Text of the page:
I'm trying to be more aware of my audience with my comics. I made a concious decision to leave a ray gun in my 24 hour comic to the kids. Another teacher that shared the comic with her class was worried too, but I tried to head off any problems early by calling it a nice ray fairly early on, and later describing it as a bubble blower. Not that I think guns in fiction is a problem, I grew up on G.I. Joe and have shot exactly zero people to date. It was something I had to think about when dealing with a young audience in our p.c. centric culture. My early labels were far more concerned with satiating parents, and not the kids.
So how did the kids take it? The story was for them after all. They were all very impressed with my artwork and the fact that I could show it on our smartboard. It's pretty easy to wow six year olds with your art, although I always get asked why the books aren't in color. When we start working on the all ages book Maps, we will need to focus on a bright, exciting palette. The most amusing comment was from a little girl who called me out on putting "Mickey Mouse feet" on one of the bugs.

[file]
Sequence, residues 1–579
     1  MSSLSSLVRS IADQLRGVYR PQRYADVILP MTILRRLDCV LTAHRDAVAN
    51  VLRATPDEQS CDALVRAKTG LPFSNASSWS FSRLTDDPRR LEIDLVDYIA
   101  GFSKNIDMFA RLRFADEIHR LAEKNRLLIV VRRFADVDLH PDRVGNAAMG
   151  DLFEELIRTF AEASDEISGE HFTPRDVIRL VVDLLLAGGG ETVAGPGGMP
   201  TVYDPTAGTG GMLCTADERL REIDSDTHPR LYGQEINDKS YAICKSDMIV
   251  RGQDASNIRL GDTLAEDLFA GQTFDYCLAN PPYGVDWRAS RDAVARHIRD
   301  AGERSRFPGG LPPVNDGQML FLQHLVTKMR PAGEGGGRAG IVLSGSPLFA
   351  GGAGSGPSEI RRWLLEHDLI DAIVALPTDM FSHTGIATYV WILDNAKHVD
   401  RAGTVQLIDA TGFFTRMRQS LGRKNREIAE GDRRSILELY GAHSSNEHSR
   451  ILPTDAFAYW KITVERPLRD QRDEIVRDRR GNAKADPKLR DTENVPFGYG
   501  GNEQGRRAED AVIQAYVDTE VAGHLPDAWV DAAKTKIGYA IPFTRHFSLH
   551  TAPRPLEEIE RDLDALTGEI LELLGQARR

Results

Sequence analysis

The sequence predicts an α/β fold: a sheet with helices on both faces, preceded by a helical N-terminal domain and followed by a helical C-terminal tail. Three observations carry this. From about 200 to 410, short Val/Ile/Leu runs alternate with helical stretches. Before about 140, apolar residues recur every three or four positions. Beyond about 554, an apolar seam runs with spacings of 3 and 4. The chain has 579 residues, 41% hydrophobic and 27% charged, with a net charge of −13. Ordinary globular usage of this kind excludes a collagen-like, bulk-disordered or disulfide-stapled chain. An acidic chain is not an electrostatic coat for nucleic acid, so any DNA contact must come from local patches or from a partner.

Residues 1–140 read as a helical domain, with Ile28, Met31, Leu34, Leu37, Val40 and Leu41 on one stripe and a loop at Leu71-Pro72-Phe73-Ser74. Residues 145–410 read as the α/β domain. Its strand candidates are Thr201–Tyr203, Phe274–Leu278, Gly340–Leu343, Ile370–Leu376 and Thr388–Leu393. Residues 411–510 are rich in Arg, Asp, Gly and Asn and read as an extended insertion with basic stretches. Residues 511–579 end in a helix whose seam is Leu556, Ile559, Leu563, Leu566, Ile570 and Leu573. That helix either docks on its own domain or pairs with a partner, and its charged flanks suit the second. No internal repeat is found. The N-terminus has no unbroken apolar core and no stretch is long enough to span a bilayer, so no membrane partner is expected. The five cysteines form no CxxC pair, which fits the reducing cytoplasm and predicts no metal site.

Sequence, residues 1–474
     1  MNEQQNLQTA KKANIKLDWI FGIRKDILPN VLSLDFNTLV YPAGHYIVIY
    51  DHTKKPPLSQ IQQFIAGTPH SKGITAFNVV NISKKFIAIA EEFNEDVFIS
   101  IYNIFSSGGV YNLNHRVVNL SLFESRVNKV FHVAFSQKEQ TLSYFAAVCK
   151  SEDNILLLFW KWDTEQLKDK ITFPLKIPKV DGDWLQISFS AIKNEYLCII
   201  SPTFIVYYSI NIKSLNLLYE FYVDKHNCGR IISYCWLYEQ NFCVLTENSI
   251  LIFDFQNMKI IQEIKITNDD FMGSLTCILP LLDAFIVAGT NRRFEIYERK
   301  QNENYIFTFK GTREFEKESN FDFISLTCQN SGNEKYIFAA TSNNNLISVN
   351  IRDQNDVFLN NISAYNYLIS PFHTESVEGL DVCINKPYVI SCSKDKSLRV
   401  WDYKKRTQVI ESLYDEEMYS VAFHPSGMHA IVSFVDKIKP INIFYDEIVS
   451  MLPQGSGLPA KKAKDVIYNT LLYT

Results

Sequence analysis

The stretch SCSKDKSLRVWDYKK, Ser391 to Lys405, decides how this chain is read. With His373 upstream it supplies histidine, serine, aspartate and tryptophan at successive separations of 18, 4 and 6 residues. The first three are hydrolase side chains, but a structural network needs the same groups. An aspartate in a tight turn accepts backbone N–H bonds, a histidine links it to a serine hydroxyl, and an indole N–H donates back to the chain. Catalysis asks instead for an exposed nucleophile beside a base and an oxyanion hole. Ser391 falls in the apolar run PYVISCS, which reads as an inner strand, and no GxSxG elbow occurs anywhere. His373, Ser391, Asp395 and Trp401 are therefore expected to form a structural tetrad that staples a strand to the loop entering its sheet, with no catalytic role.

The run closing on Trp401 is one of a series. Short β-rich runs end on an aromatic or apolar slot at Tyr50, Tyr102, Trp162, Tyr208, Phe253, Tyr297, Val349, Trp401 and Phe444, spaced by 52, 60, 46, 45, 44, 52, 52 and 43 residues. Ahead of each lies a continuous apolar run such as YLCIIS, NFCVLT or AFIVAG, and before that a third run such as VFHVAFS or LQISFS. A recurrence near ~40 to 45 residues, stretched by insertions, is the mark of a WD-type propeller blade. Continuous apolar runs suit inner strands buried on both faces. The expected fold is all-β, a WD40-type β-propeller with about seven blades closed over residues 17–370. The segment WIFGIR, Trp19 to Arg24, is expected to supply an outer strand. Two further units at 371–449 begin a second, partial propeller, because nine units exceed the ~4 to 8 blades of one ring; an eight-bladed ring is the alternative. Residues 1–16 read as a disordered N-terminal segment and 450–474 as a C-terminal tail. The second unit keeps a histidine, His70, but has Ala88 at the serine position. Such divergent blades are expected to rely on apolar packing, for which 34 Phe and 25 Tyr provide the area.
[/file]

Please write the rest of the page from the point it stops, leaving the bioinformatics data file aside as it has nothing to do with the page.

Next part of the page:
With that being said, I'm beginning to wonder who the audience is for 3rd World. Public Education is squarely aimed at teachers, and I have a lot of contact with them. Maps will be aimed at young kids and I know how to get those books into the right hands as well. Where do I find fans of self published fantasty epics? It's a pretty specific niche, and not one I feel I have very much access to. Of course, I'll need to solve my printing problems before marketing is a real issue, but the question still stands. Who is 3rd World for? I enjoy it, and that counts for a lot, but it'd be nice to have a clear vision of who else might find the books entertaining.
- Jon O